Posted by: David Behar | Nov 29, 2017 11:51:32 AM

Orin Kerr, who has been blogging on this, as I recall thinks a lot of this will be a matter of congressional regulation to promote 4A principles which seems appropriate up to a point. The justices split into two camps in the GPS camp -- one signed on with Scalia's property based opinion, four with Alito's expectation of privacy decision with Sotomayor straddling both sides.

I support her criticism of the third party doctrine. Whatever the final dynamic becomes, especially in the 21st Century, that seems artificial and not a proper protection of 4A interests. Ditto something that might in some fashion be "public" such as if someone followed a car 24/7 instead of using GPS info.

Alito appears to support broad discretion but something that long (guess over a month would be a soft limit of sorts at least) seems too much.

Posted by: Joe | Nov 29, 2017 12:03:09 PM

The government accessed the Facebook accounts of everyone who "Liked" a post about a Washington protest of Trump, and put a gag order on Facebook, to prevent their telling the Likers.

http://www.msn.com/en-us/news/us/how-much-of-your-online-life-should-police-have-access-to-scotus-prepares-to-weigh-in/ar-BBFuu5L?li=AA4ZnC&ocid=ientp

Posted by: David Behar | Nov 29, 2017 12:23:17 PM

"This is a legislative policy question. The Supreme Court is neither competent nor allowed to rule on it.

The Congress is craven and lazy. It has its dog, the Supreme Court, fetch policy decisions to avoid responsibility for their consequences."

Agreed.

I also agree with the very first comment. I tend to think that there is not the "hard wall" between the guilt phrase and the sentencing phrase that many in the ivory tower think there is/should be. Judges tend to factor in "how guilty" a person is when the sentence and that goes to the weight of the evidence. So while I agree that there are no direct sentencing implications in this case there are indirect ones.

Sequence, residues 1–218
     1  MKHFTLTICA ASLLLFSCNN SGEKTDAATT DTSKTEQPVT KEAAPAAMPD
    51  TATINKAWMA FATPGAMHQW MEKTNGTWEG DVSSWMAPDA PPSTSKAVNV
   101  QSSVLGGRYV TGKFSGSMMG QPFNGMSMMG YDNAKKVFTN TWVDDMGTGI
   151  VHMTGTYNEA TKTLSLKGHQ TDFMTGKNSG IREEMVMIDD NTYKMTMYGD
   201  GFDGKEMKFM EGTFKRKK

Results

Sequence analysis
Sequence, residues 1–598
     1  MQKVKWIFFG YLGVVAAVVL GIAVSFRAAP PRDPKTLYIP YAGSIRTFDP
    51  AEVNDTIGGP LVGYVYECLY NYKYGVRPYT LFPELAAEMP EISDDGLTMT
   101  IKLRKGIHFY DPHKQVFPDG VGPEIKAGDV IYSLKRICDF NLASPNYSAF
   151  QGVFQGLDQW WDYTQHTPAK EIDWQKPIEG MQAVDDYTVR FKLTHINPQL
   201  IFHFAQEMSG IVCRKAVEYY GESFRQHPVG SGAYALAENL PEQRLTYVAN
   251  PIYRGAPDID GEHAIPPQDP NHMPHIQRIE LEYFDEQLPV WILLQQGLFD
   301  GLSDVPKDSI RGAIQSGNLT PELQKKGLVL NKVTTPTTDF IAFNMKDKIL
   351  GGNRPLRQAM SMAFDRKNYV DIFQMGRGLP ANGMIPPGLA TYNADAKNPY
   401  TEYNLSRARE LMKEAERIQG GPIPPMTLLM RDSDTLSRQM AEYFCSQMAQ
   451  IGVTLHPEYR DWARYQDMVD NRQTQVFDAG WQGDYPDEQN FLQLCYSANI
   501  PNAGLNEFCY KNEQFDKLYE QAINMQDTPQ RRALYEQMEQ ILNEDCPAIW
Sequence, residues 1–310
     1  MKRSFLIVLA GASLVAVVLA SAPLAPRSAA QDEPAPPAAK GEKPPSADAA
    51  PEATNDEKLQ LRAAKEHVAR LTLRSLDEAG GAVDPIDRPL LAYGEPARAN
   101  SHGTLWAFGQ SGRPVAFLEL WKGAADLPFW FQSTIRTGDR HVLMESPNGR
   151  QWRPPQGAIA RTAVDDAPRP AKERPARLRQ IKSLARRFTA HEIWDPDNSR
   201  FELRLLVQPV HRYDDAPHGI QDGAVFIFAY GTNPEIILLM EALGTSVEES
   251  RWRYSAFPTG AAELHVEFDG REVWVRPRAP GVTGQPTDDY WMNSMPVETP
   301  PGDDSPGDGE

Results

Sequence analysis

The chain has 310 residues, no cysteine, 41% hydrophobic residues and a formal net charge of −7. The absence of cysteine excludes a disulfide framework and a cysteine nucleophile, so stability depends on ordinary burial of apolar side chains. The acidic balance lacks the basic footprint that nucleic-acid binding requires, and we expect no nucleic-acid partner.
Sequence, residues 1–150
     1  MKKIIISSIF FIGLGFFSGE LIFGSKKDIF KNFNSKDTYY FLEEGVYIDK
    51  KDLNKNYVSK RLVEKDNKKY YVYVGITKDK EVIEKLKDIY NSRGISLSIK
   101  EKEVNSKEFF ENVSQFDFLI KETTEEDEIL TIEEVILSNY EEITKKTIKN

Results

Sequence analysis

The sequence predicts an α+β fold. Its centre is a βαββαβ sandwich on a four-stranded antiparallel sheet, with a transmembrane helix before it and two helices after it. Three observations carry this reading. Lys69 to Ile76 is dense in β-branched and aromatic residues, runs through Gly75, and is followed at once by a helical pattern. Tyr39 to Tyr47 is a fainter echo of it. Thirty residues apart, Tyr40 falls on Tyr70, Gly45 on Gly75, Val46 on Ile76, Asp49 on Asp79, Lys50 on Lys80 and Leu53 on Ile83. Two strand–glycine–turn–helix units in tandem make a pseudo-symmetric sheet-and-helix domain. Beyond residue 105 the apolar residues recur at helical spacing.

Posted by: Daneil | Nov 29, 2017 1:01:26 PM

There is a sentencing angle, obliquely. If I recall correctly from reading the circuit court opinion, Carpenter is serving a very long mandatory minimum sentence and raised an (obviously, unsuccessful) Eighth Amendment challenge below. So maybe this illustrates that it’s easier to gain traction both legally and in the public sphere with Fourth Amendment claims than with sentencing claims (this blog notwithstanding :)

Posted by: Sara Mayeux | Nov 29, 2017 2:18:21 PM

I'm unsympathetic to the idea that this is an issue for Congress unless Congress has the power and willingness to pass regulations that extend to state law enforcement as well and has the same effect as all protections conveyed by the Fourth Amendment.

Posted by: Erik M | Nov 30, 2017 11:18:48 AM

It is not complete for Congress but as regulators of national communications and so forth they would have a role.

In respect to the areas where state law is involved and not superseded, state law would provide some guidelines too.

Posted by: Joe | Nov 30, 2017 4:09:04 PM

Erik. You should provide your reasoning. My assertion comes from Article I Section1, and the lack of investigatory resources of the Court. They are also not accountable to an electorate on the verge about privacy.

Posted by: David Behar | Nov 30, 2017 7:10:56 PM

Post a comment

In the body of your email, please indicate if you are a professor, student, prosecutor, defense attorney, etc. so I can gain a sense of who is reading my blog. Thank you, DAB